Recently I had the privilege of running some EDI-focused Unconscious Bias training workshops. These invariably raise interesting questions from the delegates, including:
- We have always been advised to “recruit for fit; bring in people who have our values.” Isn’t what we are learning now a complete turnaround?
- By running this training aren’t we encouraging people to claim they are being excluded?
- Aren’t some organisations banning Unconscious Bias training?
- Are you accusing me of being biased? How do you know that?
- If Unconscious Bias is real, then surely I can’t be held responsible for what I feel, say, or do?
Unfortunately there are those who do not want to understand; those who are fearful of understanding; and those who want to inhibit understanding by others. Those feelings can go right to the top. Indeed, a former President of the USA, apparently with the best of intentions, signed Executive Order 13950 on 20 September 2020 to promote EDI. Unfortunately, it was interpreted by virtually everyone who read it, perhaps rightly, as a ban on Unconscious Bias training. Fortunately, this has now been rescinded by a separate Executive Order signed by the current President.
The reality is that we now know the effect of Unconscious Biases. These are more accurately Cognitive Preferences or Implicit Associations but, for brevity, we will continue here to use the term Unconscious Biases. We know and understand the unconscious mental processes that, every second of our lifetimes, are detecting patterns and associations in our experiences. These are being locked into or updated in our sub-conscious without any judgment, values, or principles being applied. We don’t even know it is happening.
The vast majority of these patterns or associations are essential to being human – they enable us to speak, walk, cook, drive, etc. The same processes continually monitor our environment and automatically trigger matching emotions or responses again and again and again with no conscious thought. Unless interrupted, they influence what we say, what we do, and the way that we do it.
That is the problem! And it is a problem because we cannot easily or quickly change those unconscious thoughts. To do that, we must expose ourselves to repetitive contra experiences. Indeed, this is one of the powerful arguments used for affirmative action. But, there is good news!
First, with repeated exposure to contra-experiences such Unconscious Biases do change. As President Abraham Lincoln said, “I don’t like that man. I must get to know him better.”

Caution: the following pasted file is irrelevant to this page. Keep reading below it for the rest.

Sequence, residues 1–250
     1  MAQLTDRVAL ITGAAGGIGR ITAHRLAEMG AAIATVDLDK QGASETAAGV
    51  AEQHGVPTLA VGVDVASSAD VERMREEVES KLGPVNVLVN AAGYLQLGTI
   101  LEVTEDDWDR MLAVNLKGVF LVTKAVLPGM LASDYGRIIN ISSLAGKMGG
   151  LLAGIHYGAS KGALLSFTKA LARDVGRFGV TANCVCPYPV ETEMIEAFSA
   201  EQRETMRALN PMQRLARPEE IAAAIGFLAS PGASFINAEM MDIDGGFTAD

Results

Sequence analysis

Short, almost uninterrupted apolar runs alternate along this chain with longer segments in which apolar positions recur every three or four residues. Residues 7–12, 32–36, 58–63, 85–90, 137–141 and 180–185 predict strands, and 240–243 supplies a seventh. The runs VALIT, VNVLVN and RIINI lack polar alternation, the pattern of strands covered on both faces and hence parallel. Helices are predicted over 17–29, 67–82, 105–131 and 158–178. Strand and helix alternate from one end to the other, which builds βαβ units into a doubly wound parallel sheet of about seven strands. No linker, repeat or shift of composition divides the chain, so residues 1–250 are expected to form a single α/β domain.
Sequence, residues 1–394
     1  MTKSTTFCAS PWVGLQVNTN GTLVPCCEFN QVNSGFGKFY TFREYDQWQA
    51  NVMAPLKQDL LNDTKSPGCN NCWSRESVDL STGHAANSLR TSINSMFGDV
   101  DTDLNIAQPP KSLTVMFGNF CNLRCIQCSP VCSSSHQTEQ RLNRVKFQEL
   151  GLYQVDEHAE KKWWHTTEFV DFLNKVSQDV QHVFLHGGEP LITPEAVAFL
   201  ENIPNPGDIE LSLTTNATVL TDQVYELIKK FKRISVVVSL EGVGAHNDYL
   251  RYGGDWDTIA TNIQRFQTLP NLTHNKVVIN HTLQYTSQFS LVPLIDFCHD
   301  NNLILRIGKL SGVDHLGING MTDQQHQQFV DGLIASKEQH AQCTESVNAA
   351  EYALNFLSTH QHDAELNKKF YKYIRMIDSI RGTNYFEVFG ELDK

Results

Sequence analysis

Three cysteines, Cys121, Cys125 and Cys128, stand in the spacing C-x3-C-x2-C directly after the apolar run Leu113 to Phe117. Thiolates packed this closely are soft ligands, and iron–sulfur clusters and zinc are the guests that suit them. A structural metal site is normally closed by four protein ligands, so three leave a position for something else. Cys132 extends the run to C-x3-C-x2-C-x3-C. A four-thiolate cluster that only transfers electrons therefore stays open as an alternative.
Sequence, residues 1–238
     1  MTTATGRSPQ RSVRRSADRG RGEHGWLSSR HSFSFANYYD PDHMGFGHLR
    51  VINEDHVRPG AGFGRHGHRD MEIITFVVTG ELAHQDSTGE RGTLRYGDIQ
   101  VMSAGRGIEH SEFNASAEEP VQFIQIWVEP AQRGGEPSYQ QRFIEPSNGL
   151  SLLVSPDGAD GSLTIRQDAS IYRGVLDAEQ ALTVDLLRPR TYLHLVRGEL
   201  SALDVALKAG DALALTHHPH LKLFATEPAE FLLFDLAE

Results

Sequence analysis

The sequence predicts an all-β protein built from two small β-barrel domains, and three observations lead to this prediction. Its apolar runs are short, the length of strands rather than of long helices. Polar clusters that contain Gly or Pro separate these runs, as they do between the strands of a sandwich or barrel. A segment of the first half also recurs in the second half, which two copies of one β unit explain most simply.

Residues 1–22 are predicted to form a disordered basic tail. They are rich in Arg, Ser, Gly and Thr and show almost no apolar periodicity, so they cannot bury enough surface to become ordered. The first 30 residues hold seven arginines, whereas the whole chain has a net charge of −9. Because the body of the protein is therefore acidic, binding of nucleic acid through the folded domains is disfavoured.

Second, we can learn to detect the impulses we feel, triggered by our unconscious thoughts; we can apply judgement and principles to them; and we can decide to say or do different things. But, that is not going to happen as a result of merely appealing to our better nature. It is not going to happen because of value statements, core values, or corporate policies. Even laws are unlikely to change the behaviours of some.
However, we have long known that education is a powerful driver of change. Indeed, ruthless regimes have long used enforced ignorance to control populations. We are fortunate in the developed world to have access to quality education. But most school syllabuses do not address the specifics of Unconscious Biases and their impact on EDI. So, the working population is largely unaware of how Unconscious Biases are formed and how they trigger impulses that, in turn, can lead to unacceptable thoughts, words, and deeds.
“Teaching people about Cognitive Preference gives them an excuse for bad behaviour and/or accuses them of being inherently discriminatory.” This is a challenge I hear often. But it is not an excuse. The simple reality is that knowledge is the only thing that equips us to detect our impulses, to analyse them, to identify options, to evaluate those options, to make good selections, and to implement appropriate behaviour. Knowledge is the solution.
And one last thought. We are rightly fighting to address the negative impact of some Unconscious Biases on our relationships with each other; to address the EDI issues. That is essential and we still have a long way to go. But, as our knowledge of Unconscious Biases and their potential impact increases, we also need to consider what else they impact. The last time you purchased an expensive item, perhaps a car, a house, an expensive gadget, … did you consciously think about the impact that the price sticker had on your decision. The last time you went into a store, did you consciously think about the impact that the sign, “Buy 2, get one free” had on your purchases. The last time you were about to fly, “Did you think about the relative safety of the flight versus that of the journey to the airport.” Probably not. Unconscious Biases were at play in all those scenarios. Virtually all the decisions we make, conscious or impulsive, are affected by the same mental processes.
Educating ourselves and any staff we have in how Unconscious Biases are formed, the impact they can have, and how to interrupt their effects can achieve far more than EDI success – it can enhance the quality of operational decision making.
Clinton Wingrove is Principal Consultant at Clinton HR Ltd. Contact Clinton on 07852 258976 or at [email protected].